• 7. Smoking productsBidis Hukka (Hubble Bubble)
  • 8. Smokeless Tobacco products Gutkha Mawa Khaini Mishri (masheri)Qiwam Creamy Pan masala snuff (betel quid)
  • 9. Smokeless Tobacco products Red Tooth Powder Snus (snuff)) ZardaOther smokeless forms of tobacco products are: Gudhaku (tobacco paste) Tuibur (Tobacco water)
  • 10. Quit attempts among SmokersGATS India 2010- Among smokers, 38% made an attempt to quit tobacco use in the past 12 months. 38% males, 39% females 39% urban, 38% rural Highest proportion of smokers who made an attempt to quit – 15-24 age group (47%) 1
  • 11. Quit attempts among SLT users 35% current and former users made an attempt to quit tobacco use in the past 12 months. 39% males, 29% females 37% urban, 35% rural Highest proportion of SLT users who made an attempt to quit – 15-24 age group (44%) 1
  • 12. Role of HCPs 53% of smokers who visited a HCP in the past 12 months were asked about the smoking habits and 46% were advised to stop smoking. 64% of smokers age 65 and above were asked about smoking habits and 58% were advised to quit, as compared to only 31% in the age group 15-24 years who were asked about smoking and 26% were advise to quit. 1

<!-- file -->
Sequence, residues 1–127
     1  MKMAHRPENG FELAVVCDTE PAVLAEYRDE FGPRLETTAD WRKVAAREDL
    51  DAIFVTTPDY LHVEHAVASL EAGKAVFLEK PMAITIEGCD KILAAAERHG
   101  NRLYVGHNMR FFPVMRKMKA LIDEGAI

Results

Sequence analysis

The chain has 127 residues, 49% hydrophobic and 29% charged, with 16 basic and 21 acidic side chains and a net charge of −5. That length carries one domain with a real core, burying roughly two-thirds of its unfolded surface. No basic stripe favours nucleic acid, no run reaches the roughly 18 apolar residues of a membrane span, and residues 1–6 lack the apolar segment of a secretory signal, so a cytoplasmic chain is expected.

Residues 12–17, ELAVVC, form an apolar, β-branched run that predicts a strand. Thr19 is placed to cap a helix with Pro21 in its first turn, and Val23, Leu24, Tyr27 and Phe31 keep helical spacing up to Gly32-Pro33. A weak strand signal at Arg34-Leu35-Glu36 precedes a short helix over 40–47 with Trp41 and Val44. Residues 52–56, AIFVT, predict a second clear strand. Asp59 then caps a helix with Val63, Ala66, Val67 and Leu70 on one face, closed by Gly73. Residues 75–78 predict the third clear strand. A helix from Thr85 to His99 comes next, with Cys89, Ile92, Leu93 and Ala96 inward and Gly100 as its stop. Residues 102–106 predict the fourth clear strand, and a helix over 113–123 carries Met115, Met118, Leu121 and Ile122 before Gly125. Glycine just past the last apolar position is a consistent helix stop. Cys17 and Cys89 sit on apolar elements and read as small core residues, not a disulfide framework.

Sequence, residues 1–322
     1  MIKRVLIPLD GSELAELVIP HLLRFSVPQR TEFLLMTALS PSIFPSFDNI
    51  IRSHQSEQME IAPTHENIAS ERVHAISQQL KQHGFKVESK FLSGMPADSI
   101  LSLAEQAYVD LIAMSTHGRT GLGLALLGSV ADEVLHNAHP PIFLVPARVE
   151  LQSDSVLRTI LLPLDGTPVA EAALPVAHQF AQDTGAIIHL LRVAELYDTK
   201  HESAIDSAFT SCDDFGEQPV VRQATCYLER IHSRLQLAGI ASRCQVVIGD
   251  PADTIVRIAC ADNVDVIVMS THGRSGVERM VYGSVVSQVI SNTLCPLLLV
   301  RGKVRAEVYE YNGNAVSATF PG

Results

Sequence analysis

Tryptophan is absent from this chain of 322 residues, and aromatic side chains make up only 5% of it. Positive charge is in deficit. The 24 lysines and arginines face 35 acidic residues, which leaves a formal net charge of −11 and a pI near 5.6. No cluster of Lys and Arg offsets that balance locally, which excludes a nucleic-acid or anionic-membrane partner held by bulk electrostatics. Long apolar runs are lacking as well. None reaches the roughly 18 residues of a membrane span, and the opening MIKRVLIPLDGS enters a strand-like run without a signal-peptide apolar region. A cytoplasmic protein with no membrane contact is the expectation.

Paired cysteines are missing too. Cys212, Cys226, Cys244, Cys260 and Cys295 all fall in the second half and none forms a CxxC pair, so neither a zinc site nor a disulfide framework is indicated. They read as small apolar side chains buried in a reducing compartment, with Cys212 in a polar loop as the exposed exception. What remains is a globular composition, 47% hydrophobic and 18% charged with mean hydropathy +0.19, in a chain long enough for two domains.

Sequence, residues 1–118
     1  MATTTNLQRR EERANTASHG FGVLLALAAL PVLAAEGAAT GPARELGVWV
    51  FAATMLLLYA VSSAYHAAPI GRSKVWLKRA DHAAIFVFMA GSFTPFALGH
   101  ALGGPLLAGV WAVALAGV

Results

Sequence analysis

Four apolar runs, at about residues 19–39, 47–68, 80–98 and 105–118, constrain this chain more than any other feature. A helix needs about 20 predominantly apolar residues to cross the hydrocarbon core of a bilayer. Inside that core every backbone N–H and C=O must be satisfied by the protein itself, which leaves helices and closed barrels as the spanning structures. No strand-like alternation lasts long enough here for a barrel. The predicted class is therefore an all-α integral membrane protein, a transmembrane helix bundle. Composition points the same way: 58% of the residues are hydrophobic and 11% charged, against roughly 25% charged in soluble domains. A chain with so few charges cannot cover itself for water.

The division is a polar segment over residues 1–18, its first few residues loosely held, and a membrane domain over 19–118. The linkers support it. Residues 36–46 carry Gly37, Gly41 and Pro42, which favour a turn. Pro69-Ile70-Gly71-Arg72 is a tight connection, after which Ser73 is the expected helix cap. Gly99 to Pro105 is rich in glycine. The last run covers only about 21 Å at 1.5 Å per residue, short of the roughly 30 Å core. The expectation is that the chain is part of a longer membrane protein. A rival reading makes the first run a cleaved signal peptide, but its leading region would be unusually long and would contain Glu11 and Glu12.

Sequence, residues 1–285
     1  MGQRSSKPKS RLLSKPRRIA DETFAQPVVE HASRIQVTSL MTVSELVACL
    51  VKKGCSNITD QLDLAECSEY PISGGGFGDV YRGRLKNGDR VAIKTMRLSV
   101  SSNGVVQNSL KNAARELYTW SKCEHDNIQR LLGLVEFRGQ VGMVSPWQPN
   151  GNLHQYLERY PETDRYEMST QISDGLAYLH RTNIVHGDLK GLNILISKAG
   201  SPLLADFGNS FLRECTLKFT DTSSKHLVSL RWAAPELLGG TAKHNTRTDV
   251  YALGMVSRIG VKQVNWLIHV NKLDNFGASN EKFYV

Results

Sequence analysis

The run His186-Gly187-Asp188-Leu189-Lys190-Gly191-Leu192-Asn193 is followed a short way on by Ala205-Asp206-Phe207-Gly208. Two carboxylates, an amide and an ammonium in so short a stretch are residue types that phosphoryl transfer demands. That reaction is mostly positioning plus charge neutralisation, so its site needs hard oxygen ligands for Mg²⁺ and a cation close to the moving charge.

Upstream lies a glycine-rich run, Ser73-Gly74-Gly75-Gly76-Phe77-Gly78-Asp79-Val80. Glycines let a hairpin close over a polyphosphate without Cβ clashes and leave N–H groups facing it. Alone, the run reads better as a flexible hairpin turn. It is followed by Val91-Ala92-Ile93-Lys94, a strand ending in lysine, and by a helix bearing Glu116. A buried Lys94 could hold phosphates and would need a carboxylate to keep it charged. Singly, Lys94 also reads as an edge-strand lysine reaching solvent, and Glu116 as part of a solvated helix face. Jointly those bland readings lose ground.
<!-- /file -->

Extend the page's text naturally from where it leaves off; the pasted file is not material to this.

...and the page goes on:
• 13. Role of HCPs 35% of SLT users who visited a HCP were asked about the habit of SLT use and 27% were advised to quit. Males, urban residents and older persons were more likely to be asked about SLT use and advised about quitting. 1
  • 14. Methods of Quitting For Smoking For SLTCounseling 9.2% Counseling 7.6%Pharmacotherapy 4.1%Others (traditional medicines, switching Others (traditional medicines, otherto SLT, cold turkey) 26% products, cold turkey ) 26% 1
  • 15. Interest in quitting 47% of current smokers planned to quit smoking eventually (either within 12 months or after 12 months). 53% had no plans to quit. Younger smokers (15-24 yrs) and smokers with higher education were relatively more inclined to quit. A comparatively higher proportion of students planned to quit smoking either within a month or within a year. 1
  • 16. Interest in quitting 46% of users of SLT wanted to quit eventually. 55% had no plans to quit. 48% males and 39% females were interested in quitting. The proportion of SLT users interested in quitting decreased with age and increased with the level of education. A comparatively higher proportion of students planned to quit SLT use 1